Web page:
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dynamodb-mock / docs / pages / getting_started.rst

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Getting started with DynamoDB-Mock
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.. include:: ../_include/intro.rst

Installation
============

::

    $ pip install ddbmock


Example usage
=============

Run as Regular client-server
----------------------------

Ideal for test environment. For stage and production I highly recommend using
DynamoDB servers. ddbmock comes with no warranty and *will* **loose your data(tm)**.

Launch the server

::

    $ pserve development.ini # launch the server on 0.0.0.0:6543

Start the client

::

    import boto
    from ddbmock import connect_boto_network

    # Use the provided helper to connect your *own* endpoint
    db = connect_boto_network()

    # Done ! just use it wherever in your project as usual.
    db.list_tables() # get list of tables (empty at this stage)

Note: if you do not want to import ddbmock only for the helper, here is a
reference implementation:

::

    def connect_boto_network(host='localhost', port=6543):
        import boto
        from boto.regioninfo import RegionInfo
        endpoint = '{}:{}'.format(host, port)
        region = RegionInfo(name='ddbmock', endpoint=endpoint)
        return boto.connect_dynamodb(region=region, port=port, is_secure=False)

Run as a standalone library
---------------------------

Ideal for unit testing or small scale automated functional tests. Nice to play
around with boto DynamoDB API too :)

::

    import boto
    from ddbmock import connect_boto_patch

    # Wire-up boto and ddbmock together
    db = connect_boto_patch()

    # Done ! just use it wherever in your project as usual.
    db.list_tables() # get list of tables (empty at this stage)

Note, to clean patches made in ``boto.dynamodb.layer1``, you can call
``clean_boto_patch()`` from  the same module.

Using ddbmock for tests
=======================

Most tests share the same structure:

 1. Set the things up
 2. Test and validate
 3. Clean everything up and start again

If you use ``ddbmock`` as a standalone library (which I recommend for this
purpose), feel free to access any of the public methods in the ``database`` and
``table`` to perform direct checks

Here is a template taken from ``GetItem`` functional test using Boto.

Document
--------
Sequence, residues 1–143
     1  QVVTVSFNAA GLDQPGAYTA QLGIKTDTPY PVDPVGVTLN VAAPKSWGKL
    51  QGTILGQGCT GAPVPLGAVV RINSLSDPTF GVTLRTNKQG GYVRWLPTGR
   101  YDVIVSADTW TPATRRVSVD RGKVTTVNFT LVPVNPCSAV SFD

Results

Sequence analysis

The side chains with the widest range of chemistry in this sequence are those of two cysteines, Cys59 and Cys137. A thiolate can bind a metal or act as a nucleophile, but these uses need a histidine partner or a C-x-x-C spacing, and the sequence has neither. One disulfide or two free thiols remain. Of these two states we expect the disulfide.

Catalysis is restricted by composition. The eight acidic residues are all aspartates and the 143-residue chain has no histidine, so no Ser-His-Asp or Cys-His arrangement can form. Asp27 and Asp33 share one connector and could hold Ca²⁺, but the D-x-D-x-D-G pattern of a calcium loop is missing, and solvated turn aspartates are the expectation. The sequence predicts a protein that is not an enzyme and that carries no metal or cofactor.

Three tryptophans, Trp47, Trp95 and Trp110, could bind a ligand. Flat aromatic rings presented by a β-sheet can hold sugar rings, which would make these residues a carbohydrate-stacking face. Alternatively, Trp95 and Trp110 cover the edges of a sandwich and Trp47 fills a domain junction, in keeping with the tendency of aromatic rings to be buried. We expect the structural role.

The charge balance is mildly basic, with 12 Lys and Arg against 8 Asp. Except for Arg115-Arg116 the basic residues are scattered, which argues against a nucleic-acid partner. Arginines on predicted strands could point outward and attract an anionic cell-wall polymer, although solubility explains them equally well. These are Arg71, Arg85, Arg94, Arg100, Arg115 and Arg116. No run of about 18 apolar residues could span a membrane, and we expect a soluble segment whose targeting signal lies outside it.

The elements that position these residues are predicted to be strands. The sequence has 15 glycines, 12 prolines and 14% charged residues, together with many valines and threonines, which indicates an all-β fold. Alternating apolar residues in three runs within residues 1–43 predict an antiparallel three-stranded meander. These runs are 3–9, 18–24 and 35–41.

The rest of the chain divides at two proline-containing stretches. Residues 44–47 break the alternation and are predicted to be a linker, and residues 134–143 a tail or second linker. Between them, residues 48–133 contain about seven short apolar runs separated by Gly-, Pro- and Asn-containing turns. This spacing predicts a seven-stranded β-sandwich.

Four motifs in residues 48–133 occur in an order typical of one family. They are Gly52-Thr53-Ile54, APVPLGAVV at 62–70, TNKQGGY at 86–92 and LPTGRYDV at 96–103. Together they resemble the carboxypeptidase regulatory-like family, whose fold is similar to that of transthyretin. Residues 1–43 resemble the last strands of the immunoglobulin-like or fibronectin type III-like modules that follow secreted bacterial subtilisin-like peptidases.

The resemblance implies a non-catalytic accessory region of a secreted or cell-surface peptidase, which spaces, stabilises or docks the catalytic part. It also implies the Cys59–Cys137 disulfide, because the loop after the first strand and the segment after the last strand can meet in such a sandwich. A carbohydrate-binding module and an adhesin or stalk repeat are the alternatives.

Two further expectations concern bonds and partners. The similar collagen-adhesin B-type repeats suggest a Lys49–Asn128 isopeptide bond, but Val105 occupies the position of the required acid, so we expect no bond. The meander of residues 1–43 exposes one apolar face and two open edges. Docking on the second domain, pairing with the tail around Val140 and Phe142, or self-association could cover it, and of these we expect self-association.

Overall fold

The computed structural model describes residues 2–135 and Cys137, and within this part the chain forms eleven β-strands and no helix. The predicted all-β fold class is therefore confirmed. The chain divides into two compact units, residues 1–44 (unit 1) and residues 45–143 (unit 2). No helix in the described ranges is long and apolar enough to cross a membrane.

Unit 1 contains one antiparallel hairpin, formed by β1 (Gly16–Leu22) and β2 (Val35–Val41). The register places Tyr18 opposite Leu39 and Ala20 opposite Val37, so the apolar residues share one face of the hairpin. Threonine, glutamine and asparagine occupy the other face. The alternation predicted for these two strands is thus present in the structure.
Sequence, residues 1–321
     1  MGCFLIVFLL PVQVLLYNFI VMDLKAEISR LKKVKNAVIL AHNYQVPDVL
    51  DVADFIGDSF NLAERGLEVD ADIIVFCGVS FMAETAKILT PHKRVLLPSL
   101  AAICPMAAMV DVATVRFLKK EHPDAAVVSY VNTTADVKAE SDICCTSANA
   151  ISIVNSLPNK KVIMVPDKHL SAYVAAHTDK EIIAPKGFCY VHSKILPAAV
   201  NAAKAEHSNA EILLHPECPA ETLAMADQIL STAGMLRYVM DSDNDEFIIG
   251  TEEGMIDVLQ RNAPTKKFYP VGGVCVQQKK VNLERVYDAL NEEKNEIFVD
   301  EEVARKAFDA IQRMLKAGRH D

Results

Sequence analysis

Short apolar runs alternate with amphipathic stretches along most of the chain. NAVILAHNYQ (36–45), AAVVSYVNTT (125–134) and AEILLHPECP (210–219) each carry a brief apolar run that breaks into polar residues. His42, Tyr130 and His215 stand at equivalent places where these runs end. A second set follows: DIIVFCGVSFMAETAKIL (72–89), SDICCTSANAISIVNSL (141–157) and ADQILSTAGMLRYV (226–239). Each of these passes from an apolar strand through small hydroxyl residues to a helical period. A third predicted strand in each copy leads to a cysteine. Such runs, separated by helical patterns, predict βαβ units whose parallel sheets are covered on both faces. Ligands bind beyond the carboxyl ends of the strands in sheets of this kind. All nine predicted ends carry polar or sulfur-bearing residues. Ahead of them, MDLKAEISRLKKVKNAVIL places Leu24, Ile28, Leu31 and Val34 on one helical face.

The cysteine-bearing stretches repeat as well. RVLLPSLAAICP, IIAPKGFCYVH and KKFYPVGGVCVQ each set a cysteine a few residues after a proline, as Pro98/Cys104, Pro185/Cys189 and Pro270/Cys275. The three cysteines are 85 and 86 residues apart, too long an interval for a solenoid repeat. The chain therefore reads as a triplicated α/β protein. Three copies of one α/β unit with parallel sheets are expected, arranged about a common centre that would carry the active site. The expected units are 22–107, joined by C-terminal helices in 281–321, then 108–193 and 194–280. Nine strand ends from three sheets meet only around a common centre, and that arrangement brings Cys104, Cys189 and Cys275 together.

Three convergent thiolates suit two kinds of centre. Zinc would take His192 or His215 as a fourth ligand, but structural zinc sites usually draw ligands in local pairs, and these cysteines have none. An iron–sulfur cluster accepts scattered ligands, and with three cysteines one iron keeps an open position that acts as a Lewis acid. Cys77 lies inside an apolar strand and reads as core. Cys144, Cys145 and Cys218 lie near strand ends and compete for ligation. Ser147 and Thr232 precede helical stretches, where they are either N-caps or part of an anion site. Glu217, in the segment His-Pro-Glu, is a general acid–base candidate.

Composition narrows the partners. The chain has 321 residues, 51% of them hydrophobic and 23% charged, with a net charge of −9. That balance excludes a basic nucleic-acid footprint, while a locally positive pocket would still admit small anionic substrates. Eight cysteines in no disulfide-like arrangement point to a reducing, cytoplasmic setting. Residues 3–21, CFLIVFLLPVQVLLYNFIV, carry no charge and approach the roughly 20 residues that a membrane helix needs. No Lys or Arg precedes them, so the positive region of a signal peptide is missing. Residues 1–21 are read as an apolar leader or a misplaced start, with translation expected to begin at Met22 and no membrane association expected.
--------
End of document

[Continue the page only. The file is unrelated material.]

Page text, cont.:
::

    # -*- coding: utf-8 -*-

    import unittest
    import boto

    TABLE_NAME = 'Table-HR'
    TABLE_RT = 45
    TABLE_WT = 123
    TABLE_HK_NAME = u'hash_key'
    TABLE_HK_TYPE = u'N'
    TABLE_RK_NAME = u'range_key'
    TABLE_RK_TYPE = u'S'

    HK_VALUE = u'123'
    RK_VALUE = u'Decode this data if you are a coder'


    ITEM = {
        TABLE_HK_NAME: {TABLE_HK_TYPE: HK_VALUE},
        TABLE_RK_NAME: {TABLE_RK_TYPE: RK_VALUE},
        u'relevant_data': {u'B': u'THVkaWEgaXMgdGhlIGJlc3QgY29tcGFueSBldmVyIQ=='},
    }

    class TestGetItem(unittest.TestCase):
        def setUp(self):
            from ddbmock import connect_boto_patch
            from ddbmock.database.db import dynamodb
            from ddbmock.database.table import Table
            from ddbmock.database.key import PrimaryKey

            # Do a full database wipe
            dynamodb.hard_reset()

            # Instanciate the keys
            hash_key = PrimaryKey(TABLE_HK_NAME, TABLE_HK_TYPE)
            range_key = PrimaryKey(TABLE_RK_NAME, TABLE_RK_TYPE)

            # Create a test table and register it in ``self`` so that you can use it directly
            self.t1 = Table(TABLE_NAME, TABLE_RT, TABLE_WT, hash_key, range_key)

            # Very important: register the table in the DB
            dynamodb.data[TABLE_NAME]  = self.t1

            # Unconditionally add some data, for example.
            self.t1.put(ITEM, {})

            # Create the database connection ie: patch boto
            self.db = connect_boto_patch()

        def tearDown(self):
            from ddbmock.database.db import dynamodb
            from ddbmock import clean_boto_patch

            # Do a full database wipe
            dynamodb.hard_reset()

            # Remove the patch from Boto code (if any)
            clean_boto_patch()

        def test_get_hr(self):
            from ddbmock.database.db import dynamodb

            # Example test
            expected = {
                u'ConsumedCapacityUnits': 0.5,
                u'Item': ITEM,
            }

            key = {
                u"HashKeyElement":  {TABLE_HK_TYPE: HK_VALUE},
                u"RangeKeyElement": {TABLE_RK_TYPE: RK_VALUE},
            }

            # Example chech
            self.assertEquals(expected, self.db.layer1.get_item(TABLE_NAME, key))


If ddbmock is used as a standalone server, restarting it should do the job, unless
SQLite persistence is used.


Advanced usage
==============

A significant part of ddbmock is now configurable through ``ddbmock.config``
parameters. This includes the storage backend.

By default, ddbmock has no persitence and stores everything in-memory. Alternatively,
you can use the ``SQLite`` storage engine but be warned that it will be slower.
To switch the backend, you will to change a configuration variable *before* creating
the first table.

::

    from ddbmock import config

    # switch to sqlite backend
    config.STORAGE_ENGINE_NAME = 'sqlite'
    # define the database path. defaults to 'dynamo.db'
    config.STORAGE_SQLITE_FILE = '/tmp/my_database.sqlite'


Please note that ddbmock does not persist table metadata currently. As a
consequence, you will need to create the tables at each restart even with the
SQLite backend. This is hoped to be improved in future releases.

See https://bitbucket.org/Ludia/dynamodb-mock/src/tip/ddbmock/config.py for a full
list of parameters.